Lawmakers to Filipinos: Resist repression as Ressa’s conviction ‘not the last’

Mara Cepeda
(UPDATED) 'We are complicit if we stay silent,' says Senator Risa Hontiveros

DEFEND PRESS FREEDOM. Rappler CEO Maria Ressa takes questions from the media on June 15, 2020, after Manila Regional Trial Court Branch 46 found her and co-accused Reynaldo Santos Jr guilty of cyber libel. Photo by Alecs Ongcal/Rappler

MANILA, Philippines (UPDATED) – Opposition legislators condemned the cyber libel conviction of Rappler CEO Maria Ressa and former researcher-writer Reynaldo Santos Jr, warning that their conviction “will not be the last” if Filipinos remain silent about the creeping tyranny in the country.

Senator Francis Pangilinan said on Monday, June 15, that it would have been more surprising if Ressa and Santos were acquitted, given the relentless attacks of President Rodrigo Duterte’s government on dissenters and the media critical of its abusive policies.

“The silencing of critics and the attacks on the media have been going on for 3 years now. And unless we stand up, speak out, and vigorously oppose the tyranny in our midst, their conviction will not be the last,” the president of the once-ruling Liberal Party said in a statement.

Senate President Pro-Tempore Ralph Recto, who is a member of the majority in the Senate but an LP member as well, hoped that Ressa’s conviction would be overturned.

“I wish Maria Ressa victory on her appeal and hope that her conviction will be overturned. That is also the clarity the nation wants to see in the application and interpretation of a law with ambiguities and frightening consequences on our freedom,” he said.

“Democracy thrives when truth can be spoken to power freely and without fear. But it is also the duty of the press to redress the grievances of people without power who have been hurt by inaccurate reporting. A nation can withstand an occasional reckless press, but it cannot survive with a repressed one,” Recto added.

Manila Regional Trial Court Branch 46 Judge Rainelda Estacio Montesa found Ressa and Santos guilty of cyber libel over the latter’s May 2012 article on the late former chief justice Renato Corona’s links to businessmen, including the man who filed the case, Wilfredo Keng. (READ: Rappler statement on cyber libel conviction: Failure of justice, failure of democracy)

Ressa and Santos were allowed to post bail, but were each ordered to pay Keng P200,000 in moral damages and another P200,000 in exemplary damages. Rappler as a company, however, was not found liable for cyber libel.

The guilty verdict was handed down just 3 days after the country marked Independence Day and about two weeks after Congress passed the anti-terrorism bill, which Filipinos fear would be used by the government to clamp down on critics. 

For Albay 1st District Representative Edcel Lagman, an opposition lawmaker, Ressa and Santos’ cyber libel conviction is a “tragic commentary on the judiciary’s succumbing to the repressive campaign” of Malacañang.

“Now the cruel price of free speech and press freedom is impending incarceration. What would be imprisoned with Ressa are critical reportage and legitimate dissent even as it would hold hostage press freedom,” Lagman said.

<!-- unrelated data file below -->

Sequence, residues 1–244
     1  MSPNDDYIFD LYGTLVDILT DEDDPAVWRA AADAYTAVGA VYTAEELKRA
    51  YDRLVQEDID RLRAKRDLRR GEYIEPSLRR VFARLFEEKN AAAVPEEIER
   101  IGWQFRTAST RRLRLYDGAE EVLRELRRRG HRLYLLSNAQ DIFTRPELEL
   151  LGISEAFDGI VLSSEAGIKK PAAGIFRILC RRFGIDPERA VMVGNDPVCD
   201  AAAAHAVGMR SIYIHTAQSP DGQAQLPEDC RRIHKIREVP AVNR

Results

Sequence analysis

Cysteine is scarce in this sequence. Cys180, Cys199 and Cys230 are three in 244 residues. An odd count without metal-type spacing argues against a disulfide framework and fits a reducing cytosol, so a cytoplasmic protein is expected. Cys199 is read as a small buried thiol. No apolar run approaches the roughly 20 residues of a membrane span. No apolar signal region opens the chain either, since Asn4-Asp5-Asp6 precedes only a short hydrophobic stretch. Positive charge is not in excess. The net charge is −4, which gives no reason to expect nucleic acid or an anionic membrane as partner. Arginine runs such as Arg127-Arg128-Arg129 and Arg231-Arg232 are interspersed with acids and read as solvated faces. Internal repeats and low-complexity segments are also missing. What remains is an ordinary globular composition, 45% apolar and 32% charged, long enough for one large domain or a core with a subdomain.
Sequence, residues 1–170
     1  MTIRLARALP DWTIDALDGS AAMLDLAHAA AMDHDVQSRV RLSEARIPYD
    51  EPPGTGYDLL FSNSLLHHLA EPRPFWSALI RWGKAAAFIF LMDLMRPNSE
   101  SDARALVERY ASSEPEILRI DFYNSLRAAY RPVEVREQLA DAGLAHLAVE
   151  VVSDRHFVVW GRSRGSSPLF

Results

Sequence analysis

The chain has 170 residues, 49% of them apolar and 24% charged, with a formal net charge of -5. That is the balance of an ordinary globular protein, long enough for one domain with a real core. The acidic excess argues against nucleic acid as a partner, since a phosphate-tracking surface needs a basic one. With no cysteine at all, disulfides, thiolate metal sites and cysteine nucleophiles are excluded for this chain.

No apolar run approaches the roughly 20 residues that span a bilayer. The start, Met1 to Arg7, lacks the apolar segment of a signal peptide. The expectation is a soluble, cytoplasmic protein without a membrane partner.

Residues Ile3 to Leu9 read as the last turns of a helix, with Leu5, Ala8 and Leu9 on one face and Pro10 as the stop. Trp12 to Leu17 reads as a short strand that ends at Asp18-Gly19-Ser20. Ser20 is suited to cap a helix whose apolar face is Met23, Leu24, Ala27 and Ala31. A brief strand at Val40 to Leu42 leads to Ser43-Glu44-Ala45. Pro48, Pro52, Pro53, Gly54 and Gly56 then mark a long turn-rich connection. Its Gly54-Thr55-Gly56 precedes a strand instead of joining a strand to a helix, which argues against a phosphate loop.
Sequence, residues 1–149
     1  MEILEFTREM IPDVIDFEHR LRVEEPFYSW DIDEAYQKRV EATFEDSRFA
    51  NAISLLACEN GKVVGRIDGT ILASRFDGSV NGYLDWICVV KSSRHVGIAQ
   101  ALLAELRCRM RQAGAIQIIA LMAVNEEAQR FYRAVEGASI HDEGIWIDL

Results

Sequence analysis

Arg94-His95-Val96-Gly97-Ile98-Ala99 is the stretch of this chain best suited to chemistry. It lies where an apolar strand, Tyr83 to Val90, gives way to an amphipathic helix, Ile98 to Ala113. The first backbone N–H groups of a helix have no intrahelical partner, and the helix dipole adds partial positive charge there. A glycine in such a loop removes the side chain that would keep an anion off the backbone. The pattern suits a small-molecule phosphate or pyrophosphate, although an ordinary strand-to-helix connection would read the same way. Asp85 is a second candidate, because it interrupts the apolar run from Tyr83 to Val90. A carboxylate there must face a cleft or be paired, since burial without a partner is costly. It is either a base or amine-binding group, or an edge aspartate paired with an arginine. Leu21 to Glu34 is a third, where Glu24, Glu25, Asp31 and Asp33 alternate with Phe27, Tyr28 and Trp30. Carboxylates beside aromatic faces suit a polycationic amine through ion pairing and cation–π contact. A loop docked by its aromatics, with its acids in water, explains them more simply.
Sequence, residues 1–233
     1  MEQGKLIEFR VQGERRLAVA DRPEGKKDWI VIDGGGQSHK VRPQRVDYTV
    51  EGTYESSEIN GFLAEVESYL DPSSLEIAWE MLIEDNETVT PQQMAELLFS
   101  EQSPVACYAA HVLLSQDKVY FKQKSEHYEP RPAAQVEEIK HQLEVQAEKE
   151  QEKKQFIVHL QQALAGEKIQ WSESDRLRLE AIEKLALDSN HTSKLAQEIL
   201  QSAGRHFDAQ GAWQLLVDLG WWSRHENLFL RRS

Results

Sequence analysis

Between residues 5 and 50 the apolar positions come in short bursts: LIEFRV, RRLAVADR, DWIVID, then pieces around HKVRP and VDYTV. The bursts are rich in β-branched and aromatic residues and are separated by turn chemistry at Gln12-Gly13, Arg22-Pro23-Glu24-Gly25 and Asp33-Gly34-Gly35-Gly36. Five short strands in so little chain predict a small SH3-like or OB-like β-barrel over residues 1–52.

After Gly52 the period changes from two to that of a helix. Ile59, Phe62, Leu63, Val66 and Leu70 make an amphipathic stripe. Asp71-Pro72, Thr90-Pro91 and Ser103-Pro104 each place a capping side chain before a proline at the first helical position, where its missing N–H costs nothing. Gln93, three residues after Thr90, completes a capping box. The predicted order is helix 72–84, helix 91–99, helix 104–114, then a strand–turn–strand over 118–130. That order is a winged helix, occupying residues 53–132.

House Deputy Minority Leader Carlos Zarate likewise condemned the conviction as “another nail on the press freedom coffin,” and added that it could be dangerous even for ordinary Filipinos who use social media platforms.

“Taken into the context of the ABS-CBN shutdown and the railroading of the [anti-terrorism bill], this can be taken as the tightening of our civil liberties, particularly that of press freedom and the freedom of expression. This is an ominous sign of where the Duterte administration is going to bring our country,” Zarate said. 

“The people must fight back,” he added. 

Senator Risa Hontiveros put it succinctly: “We are complicit if we stay silent.”

“Today’s conviction sends a chilling message to all: kung kritiko ka, puwede kang ipasara at puwede kang patahimikin. I urge everyone to speak out. Dumarami tayo…. Takot sila, kaya nila tayo pinapatahimik,” Hontiveros said. 

(Today’s conviction sends a chilling message to all: if you’re a critic, you can be closed down and you can be silenced. I urge everyone to speak out. We’re growing in number. They’re afraid, that’s why they want to silence us.)

Ressa is facing 7 other criminal charges in various courts, all related to Rappler’s Philippine Depositary Receipts (PDRs), over which the news company was ordered shut in 2018. But the Court of Appeals already ruled the PDR problem has been cured. 

At least 154 incidents of attacks and threats against Philippine media have been recorded since Duterte assumed office in June 2016. 

The 18th Congress also sat on the bills that would have renewed the now-expired franchise of media giant ABS-CBN after the President himself repeatedly issued threats against the network. ABS-CBN was ordered to close down on May 5. – 

Mara Cepeda

Mara Cepeda specializes in stories about politics and local governance. She covers the Office of the Vice President, the Senate, and the Philippine opposition. She is a 2021 fellow of the Asia Journalism Fellowship and the Reham al-Farra Memorial Journalism Fellowship of the UN. Got tips? Email her at or tweet @maracepeda.